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Summary:

The world’s two largest greenhouse gas emitters are waiting for the other one to back down first. Breaching the standoff, the U.S. and China have come together to renew two biofuels cooperation pacts. The Department of Agriculture (USDA), the Department of Energy (DOE), and China’s National […]

Nixon Mao The world’s two largest greenhouse gas emitters are waiting for the other one to back down first. Breaching the standoff, the U.S. and China have come together to renew two biofuels cooperation pacts. The Department of Agriculture (USDA), the Department of Energy (DOE), and China’s National Development and Reform Commission (NDRC) signed two cooperative biofuel agreements this week.

Kerry Trueman at the Huffington Post described U.S.-China carbon relations as follows: “We’re locked in an existential game of ‘chicken’ with China, each nation daring the other not to take its foot off the gas pedal as we careen towards catastrophe. We don’t want to change the way we live, and the Chinese want to live the way we do, too.” So far, at UN climate change convention in Bali, both sides have verbally and vaguely committed themselves to fighting climate change, but as the two fossil-fueled economic giants move forward, any ground given up by one is perceived as being taken by the other. Can the world’s two largest carbon emitters actually work together?

The first agreement renewed by the two countries was the “Agricultural Science and Technology Protocol,” a 2002 protocol aimed at facilitating the exchange of technical know-how in a variety of areas, including biofuels and water for agricultural purposes. The second pact was the “Biofuels Cooperation Memorandum of Understanding,” for the coordination of technology as well as policy in developing better biofuels.

Both China and the U.S. have set — or are trying to set — ambitious biofuel production goals. While the U.S. Congress bats around an energy and a farm bill that could facilitate the production of 36 billion gallons of liquid biofuels by 2020, China has set a goal of producing 30 gigawatts of electricity from biomass by 2020. In the meantime, however, the domestic biofuel industry is experiencing some major growing pains and many ethanol producers are holding off on increasing production “until market conditions improve.” All of this follows last week’s filing by China’s largest biodiesel producer, Gushan, for a listing on the New York Stock Exchange.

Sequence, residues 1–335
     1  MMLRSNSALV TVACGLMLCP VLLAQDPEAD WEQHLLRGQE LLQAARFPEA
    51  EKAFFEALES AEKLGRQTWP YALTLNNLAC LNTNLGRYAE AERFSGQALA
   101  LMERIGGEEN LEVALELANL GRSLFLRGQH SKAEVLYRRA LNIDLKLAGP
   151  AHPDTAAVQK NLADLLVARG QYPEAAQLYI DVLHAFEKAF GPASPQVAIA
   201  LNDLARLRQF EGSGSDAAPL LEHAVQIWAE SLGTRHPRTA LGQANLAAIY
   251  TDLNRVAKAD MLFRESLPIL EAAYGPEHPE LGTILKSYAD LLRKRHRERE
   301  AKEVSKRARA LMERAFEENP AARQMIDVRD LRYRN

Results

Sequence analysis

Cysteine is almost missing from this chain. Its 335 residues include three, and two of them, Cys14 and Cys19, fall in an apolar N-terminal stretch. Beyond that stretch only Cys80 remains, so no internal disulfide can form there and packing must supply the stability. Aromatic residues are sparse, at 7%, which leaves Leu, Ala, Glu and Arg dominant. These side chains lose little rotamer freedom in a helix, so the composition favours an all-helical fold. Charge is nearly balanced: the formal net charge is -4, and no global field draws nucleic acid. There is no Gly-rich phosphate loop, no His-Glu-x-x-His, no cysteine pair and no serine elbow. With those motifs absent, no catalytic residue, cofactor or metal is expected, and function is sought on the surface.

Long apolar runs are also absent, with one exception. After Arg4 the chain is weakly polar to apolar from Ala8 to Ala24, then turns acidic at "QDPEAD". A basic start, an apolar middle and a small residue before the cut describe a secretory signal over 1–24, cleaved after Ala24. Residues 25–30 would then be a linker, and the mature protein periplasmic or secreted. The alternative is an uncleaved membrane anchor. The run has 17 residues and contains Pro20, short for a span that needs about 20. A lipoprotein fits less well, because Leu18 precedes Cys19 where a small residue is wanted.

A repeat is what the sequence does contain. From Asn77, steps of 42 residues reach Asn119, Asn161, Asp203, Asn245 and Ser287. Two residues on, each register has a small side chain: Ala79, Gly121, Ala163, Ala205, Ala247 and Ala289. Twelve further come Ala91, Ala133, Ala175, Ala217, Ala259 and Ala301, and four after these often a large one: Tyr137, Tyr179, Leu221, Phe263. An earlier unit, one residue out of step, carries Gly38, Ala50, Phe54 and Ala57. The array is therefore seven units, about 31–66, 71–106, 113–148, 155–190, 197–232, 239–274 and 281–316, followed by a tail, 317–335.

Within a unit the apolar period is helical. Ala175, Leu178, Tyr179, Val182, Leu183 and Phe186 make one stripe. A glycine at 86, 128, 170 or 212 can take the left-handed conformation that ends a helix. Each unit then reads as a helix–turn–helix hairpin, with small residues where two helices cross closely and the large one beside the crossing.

In the debate over both the Farm and Energy Bills, any growth in renewable energy is always phrased in terms of a loss for fossil energy and the American economy. But in China, where growth in all forms is the game, any energy growth is perceived as a good thing. While the Chinese are ramping up their biofuels and renewables portfolios, they certainly aren’t slowing down their development of their coal resources.

While the renewal of these two pacts is both positive and forward-looking, actual change in greenhouse gas emissions and positive pressure for the cleantech industry will come if the U.S. and China can sign some meaningful resolutions (perhaps a contradiction in terms) at Bali. Some have called for an “environmental moonshot” to get us to overcome the obstacles of global warming. Perhaps a green race for cleantech supremacy over China will be what motivates the U.S. to invest in green technologies the way they invested in technology during the Cold War.

  1. [...] using American coal. On the global scale, American clean coal technology had the potential to be a valuable export as China, who is bringing online roughly one coal-fired power plant every week, tries to clean up its air. [...]

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  2. [...] likely not be the fuels themselves but the advanced technology to brew better biofuels. Already the U.S. is exporting biofuel technology to China. The capital-rich U.S. biofuels startups need to start exporting their technologies to the fertile [...]

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